Definely Secures $7 Million in Series A Funding to Change how the World’s Top Lawyers Access and Understand Contracts

Definely, a UK LegalTech company created to make legal documents easier to read, edit and understand, has successfully raised Series A funding. The $7m Series A investment round was led by Octopus Ventures, with participation from Cornerstone VC and Zrosk Investment Ltd. It also saw participation from well-known angels Claire Hughes Johnson, Comron Sattari, Ajay Patel, and Babatunde Soyoye join the cap table. Edward Keelan, partner at Octopus Ventures joins CRE Venture Capital and Zrosk Investments on the board.

Available via subscription, Definely’s suite of productivity solutions assists lawyers at every pre-execution stage of the contract lifecycle, helping its customers draft, proof and understand legal documents quickly. Headquartered in London, and with over 60 employees located globally, the company is now focused on adding to its existing base of 40,000 active users from the largest companies and law firms in the UK, US, Canada and Australia. As the company advances how it incorporates AI, it will also actively look to expand its highly-experienced technical team. 

“Before we built Definely, lawyers that needed to access information and understand contracts would use Ctrl+F keys, multiple windows, scroll through hundreds of pages, or simply print out documents so that they could reference all the information in one place. As someone who is visually impaired, you can imagine the challenge this represented for me. It sounds like an obvious problem, but you wouldn’t believe how many hours law firms can spend just looking for the right information”, commented Feargus MacDaeid, Co-Founder & CSO of Definely. 

Conceived after a chance meeting of two former Magic Circle lawyers, Definely’s co-founders have had a less-than conventional path to creating one of the UK’s fastest-growing LegalTech startups. Registered as legally blind, Feargus MacDaeid struck up an unlikely friendship with Nigerian migrant Nnamdi Emelifeonwu – when the pair worked together at law firm Freshfields Bruckhaus Deringer – that would see the pair develop technology that has now been proven to give lawyers significant daily time savings when working on contracts.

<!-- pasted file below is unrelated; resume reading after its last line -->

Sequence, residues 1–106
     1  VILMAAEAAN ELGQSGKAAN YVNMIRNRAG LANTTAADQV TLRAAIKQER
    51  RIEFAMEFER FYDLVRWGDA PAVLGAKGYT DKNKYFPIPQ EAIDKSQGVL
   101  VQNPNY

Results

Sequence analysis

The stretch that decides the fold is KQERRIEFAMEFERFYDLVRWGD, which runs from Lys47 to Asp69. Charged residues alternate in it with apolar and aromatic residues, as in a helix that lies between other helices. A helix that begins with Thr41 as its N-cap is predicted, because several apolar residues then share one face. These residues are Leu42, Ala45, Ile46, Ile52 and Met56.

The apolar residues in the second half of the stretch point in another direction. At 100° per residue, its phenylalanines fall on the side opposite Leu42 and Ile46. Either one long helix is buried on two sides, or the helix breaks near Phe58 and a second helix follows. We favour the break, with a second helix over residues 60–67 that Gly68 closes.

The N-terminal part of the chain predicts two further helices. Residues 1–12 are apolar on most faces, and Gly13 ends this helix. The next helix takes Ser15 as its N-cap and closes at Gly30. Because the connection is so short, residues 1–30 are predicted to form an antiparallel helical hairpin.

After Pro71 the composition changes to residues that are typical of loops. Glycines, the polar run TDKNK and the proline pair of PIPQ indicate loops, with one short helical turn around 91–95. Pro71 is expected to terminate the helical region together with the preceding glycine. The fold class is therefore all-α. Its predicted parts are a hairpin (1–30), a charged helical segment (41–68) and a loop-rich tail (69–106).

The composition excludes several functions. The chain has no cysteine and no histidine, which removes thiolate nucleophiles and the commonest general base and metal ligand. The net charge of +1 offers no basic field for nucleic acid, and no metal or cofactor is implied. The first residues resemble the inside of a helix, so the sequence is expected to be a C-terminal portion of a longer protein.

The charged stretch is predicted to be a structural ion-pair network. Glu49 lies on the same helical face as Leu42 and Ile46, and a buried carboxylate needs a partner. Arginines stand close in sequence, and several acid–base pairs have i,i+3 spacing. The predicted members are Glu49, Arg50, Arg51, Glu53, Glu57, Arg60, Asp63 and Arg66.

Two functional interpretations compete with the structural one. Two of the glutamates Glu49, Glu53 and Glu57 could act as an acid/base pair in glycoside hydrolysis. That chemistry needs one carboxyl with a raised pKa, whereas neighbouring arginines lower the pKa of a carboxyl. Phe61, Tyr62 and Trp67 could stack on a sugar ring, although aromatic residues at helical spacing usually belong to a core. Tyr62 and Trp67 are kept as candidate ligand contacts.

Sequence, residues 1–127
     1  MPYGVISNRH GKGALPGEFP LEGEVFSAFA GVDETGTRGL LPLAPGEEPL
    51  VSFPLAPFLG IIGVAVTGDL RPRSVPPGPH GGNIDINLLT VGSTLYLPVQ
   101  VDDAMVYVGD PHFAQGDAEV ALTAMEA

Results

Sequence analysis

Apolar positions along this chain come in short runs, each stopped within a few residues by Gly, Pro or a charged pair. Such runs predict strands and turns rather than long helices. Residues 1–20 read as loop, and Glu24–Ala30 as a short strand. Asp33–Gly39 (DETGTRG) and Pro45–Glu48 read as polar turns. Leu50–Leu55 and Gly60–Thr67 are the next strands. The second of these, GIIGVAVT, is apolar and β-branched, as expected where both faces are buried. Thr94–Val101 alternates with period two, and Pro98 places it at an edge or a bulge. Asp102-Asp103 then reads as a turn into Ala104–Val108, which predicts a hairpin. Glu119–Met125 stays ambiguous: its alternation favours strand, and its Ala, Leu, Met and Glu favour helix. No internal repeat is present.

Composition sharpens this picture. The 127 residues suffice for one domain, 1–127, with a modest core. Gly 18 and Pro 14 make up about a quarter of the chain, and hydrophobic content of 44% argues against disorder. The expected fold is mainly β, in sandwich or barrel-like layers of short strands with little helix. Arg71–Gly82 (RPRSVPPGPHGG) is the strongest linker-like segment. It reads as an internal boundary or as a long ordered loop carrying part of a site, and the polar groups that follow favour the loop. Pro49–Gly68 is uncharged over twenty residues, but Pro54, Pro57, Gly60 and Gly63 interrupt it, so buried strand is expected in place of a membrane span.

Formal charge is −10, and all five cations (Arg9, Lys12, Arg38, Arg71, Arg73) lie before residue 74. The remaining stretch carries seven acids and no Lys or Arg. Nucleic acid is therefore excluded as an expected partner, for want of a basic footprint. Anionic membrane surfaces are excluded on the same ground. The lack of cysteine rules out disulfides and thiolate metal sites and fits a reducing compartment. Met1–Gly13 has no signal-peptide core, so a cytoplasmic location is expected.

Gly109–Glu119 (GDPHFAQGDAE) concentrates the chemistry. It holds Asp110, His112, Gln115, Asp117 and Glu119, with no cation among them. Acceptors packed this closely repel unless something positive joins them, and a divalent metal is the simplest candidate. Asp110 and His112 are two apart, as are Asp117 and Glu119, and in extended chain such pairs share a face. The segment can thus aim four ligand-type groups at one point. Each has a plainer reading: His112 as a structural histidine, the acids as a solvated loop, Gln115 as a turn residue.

The company launched its first product in September 2020 and now serves a global elite of law firms and Fortune 500 companies including Allen & Overy (now A&O Shearman), Slaughter & May, Dentons, Deloitte, P&O Cruises and many more.

“Running Definely is the first thing I do when opening a contract. It is both a tool for reviewing and proofing, but more importantly, something I use in real-time when drafting and constructing contracts as a part of my job. This is what sets it apart”, said Ben Brooks, a lawyer at A&O Shearman.

“Definely is a testament to the power of diverse perspectives and accessibility first in innovation. So we built the simplest delivery possible for our tech, incorporating it via a Microsoft Word Plugin so that it integrates with every lawyer’s existing workflow and tooling. It was this in part, that allowed us to become such an entrenched provider of legal technology to some of the world’s largest law firms and corporations so quickly”, added Nnamdi Emelifeonwu, Co-Founder & CEO of Definely.

“At Octopus Ventures, we’re backing the entrepreneurs who make it their mission to empower people and change industries for the better. Definely is a fantastic example of this – what started as a solution to improve accessibility in the legal industry, has evolved into a product that boosts productivity for all lawyers. By leveraging their powerful AI and strong relationships with companies like Microsoft, Definely is well-positioned to make significant inroads into this $60bn industry”, said Edward Keelan, partner at Octopus Ventures.

One of the company’s products, Definely Vault, already deploys sophisticated AI techniques to create a taxonomy of a firm’s entire contract repository, extracting all relevant data and clauses to make information readily available to users as contracts are drafted and reviewed.